When John Connally became governor of Texas in 1963 he quickly sought to get his own man on the state Banking Board. He chose Robert Strauss, then a prominent Dallas lawyer and civic leader (and, not coincidentally, a close Connally ally). But Strauss didn’t want the job and demurred in his characteristic “aw shucks’’ manner, followed by a “why me?’’ protestation. He said he wasn’t qualified because he was completely unschooled in banking matters. When Connally insisted, his friend dutifully accepted the appointment.
Then he distinguished himself on the board while deftly protecting the governor’s interests. Following his departure, he also parlayed his newly developed expertise—and his now-strong connections with former board colleagues, who doled out bank charters—into a highly successful private venture. He helped found a Texas bank, served as its board chairman, then cashed out nicely when it was sold a decade later for nearly $13 million.
This obscure anecdote encapsulates the Bob Strauss who later became famous as one of the most adept Washington operators of his generation. Seldom did he let any learning experience go to waste. Brilliantly effective in multifarious civic capacities, he also managed to keep a close eye on opportunities to serve his own interests. Along the way he demonstrated an uncanny ability to hold political sway over contingents large and small through a combination of human insight and a rare charm fueled by a steady stream of self-effacing humor and disarming candor.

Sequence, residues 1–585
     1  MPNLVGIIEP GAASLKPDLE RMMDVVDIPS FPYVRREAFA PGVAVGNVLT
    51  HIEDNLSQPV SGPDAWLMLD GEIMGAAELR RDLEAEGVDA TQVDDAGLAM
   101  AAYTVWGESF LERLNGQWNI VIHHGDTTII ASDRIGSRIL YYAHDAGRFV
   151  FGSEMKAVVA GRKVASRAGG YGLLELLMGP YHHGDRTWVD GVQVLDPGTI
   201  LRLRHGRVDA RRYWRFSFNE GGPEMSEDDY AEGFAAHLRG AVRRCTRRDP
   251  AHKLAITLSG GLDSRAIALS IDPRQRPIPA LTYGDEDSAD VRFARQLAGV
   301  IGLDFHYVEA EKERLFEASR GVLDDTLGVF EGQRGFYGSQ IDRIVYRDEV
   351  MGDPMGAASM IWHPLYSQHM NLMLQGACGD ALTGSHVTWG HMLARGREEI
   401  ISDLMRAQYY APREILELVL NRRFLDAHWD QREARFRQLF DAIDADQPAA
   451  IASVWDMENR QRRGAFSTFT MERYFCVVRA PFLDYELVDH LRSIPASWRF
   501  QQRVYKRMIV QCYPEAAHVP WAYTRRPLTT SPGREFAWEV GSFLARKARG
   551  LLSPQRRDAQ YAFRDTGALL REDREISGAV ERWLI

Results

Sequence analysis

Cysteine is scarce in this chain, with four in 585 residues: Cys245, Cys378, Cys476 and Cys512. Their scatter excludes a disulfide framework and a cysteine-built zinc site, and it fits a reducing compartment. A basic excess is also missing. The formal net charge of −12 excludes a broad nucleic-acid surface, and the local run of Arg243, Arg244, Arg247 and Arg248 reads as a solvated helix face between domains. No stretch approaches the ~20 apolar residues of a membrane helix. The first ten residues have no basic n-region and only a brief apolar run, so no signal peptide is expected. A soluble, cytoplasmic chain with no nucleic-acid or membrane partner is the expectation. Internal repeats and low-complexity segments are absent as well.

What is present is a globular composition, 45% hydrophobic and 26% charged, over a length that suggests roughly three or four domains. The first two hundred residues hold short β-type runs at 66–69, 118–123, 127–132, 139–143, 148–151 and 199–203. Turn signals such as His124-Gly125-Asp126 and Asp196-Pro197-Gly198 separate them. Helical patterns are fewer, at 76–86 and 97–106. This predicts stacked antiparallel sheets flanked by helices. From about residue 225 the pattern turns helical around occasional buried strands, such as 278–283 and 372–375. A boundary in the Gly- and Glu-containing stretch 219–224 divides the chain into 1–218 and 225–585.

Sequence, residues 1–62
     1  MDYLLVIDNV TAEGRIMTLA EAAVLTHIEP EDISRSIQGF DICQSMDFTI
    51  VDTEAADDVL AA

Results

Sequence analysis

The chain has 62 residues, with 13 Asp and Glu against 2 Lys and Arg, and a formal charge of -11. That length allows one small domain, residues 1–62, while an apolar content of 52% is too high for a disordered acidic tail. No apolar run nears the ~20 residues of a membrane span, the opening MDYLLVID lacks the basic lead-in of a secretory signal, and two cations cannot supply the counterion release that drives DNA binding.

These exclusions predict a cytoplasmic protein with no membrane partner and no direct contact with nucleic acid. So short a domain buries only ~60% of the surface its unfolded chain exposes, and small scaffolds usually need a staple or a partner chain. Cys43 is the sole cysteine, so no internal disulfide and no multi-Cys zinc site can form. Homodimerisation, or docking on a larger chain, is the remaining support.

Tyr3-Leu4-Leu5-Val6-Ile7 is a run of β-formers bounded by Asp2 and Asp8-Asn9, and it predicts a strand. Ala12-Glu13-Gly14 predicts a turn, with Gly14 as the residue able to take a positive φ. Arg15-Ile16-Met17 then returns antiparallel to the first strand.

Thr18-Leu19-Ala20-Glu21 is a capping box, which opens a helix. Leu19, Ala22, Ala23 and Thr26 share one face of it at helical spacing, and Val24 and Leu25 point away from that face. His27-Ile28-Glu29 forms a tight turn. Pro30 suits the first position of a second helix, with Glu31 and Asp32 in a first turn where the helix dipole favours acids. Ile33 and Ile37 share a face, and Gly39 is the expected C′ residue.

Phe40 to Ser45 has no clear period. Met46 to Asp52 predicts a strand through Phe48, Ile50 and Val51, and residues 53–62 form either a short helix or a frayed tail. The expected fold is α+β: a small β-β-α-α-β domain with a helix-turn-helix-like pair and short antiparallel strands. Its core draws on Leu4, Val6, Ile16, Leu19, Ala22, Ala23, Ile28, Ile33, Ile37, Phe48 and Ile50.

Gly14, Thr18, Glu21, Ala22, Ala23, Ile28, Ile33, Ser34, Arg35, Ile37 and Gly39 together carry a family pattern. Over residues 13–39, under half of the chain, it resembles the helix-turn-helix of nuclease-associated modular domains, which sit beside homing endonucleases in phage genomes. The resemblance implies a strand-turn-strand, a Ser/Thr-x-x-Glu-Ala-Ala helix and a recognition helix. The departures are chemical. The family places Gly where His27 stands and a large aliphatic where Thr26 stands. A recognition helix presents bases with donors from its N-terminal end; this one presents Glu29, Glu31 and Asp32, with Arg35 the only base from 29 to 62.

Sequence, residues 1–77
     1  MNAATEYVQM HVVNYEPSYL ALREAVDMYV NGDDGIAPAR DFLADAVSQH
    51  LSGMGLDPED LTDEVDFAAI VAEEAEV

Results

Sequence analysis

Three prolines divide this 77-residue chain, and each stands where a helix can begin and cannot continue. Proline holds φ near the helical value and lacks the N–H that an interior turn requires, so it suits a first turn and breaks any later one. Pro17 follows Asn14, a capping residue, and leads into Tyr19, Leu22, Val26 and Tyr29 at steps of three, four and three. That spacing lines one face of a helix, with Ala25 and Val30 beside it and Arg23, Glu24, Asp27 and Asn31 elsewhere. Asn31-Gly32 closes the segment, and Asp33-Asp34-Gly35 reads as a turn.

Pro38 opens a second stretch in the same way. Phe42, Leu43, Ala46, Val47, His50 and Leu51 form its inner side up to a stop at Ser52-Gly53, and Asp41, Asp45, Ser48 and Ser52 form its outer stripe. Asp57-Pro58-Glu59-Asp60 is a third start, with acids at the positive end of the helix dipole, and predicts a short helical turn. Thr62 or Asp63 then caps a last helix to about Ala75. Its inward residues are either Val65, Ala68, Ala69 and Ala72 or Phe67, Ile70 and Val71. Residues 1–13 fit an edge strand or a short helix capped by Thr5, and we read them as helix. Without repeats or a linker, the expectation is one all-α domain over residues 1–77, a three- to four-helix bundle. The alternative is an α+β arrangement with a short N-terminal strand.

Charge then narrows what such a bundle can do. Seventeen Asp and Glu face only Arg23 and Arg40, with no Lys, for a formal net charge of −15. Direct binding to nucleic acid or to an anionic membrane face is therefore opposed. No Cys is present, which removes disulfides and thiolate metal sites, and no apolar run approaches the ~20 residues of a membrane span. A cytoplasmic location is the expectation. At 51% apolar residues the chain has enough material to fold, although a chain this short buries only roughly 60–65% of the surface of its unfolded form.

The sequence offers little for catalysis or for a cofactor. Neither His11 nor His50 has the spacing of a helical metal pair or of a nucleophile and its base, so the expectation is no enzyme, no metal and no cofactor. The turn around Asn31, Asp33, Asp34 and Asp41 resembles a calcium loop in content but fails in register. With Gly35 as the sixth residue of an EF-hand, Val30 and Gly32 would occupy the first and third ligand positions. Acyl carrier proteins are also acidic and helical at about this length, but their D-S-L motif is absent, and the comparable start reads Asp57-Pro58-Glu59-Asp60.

Those traits served him well in Texas and propelled him to stardom in Washington, where he served as treasurer of the Democratic National Committee, then DNC chairman, U.S. special trade representative, special envoy in the Middle East, and ambassador to the Soviet Union. In between these stints he led one of the capital’s most prestigious and innovative law firms, the same firm he had created as a two-man enterprise back in Dallas in 1945.
Now we have a biography as charming as its subject. Kathryn J. McGarr is a blood relative of Strauss—the granddaughter of his brother—and she renders her portrait with manifest affection for her Uncle Bob. Yet, acknowledging that readers might “rightly doubt’’ her objectivity, she avers that she has tried to be “overly skeptical’’ in her assessments. Indeed, she deals head-on with his “enormous ego,’’ his rotations between government jobs and law firm activities designed to influence the government, and his occasionally blithe attitude toward the arcana of campaign finance law—including a possible federal indictment that seemingly was thwarted only by the statute of limitations.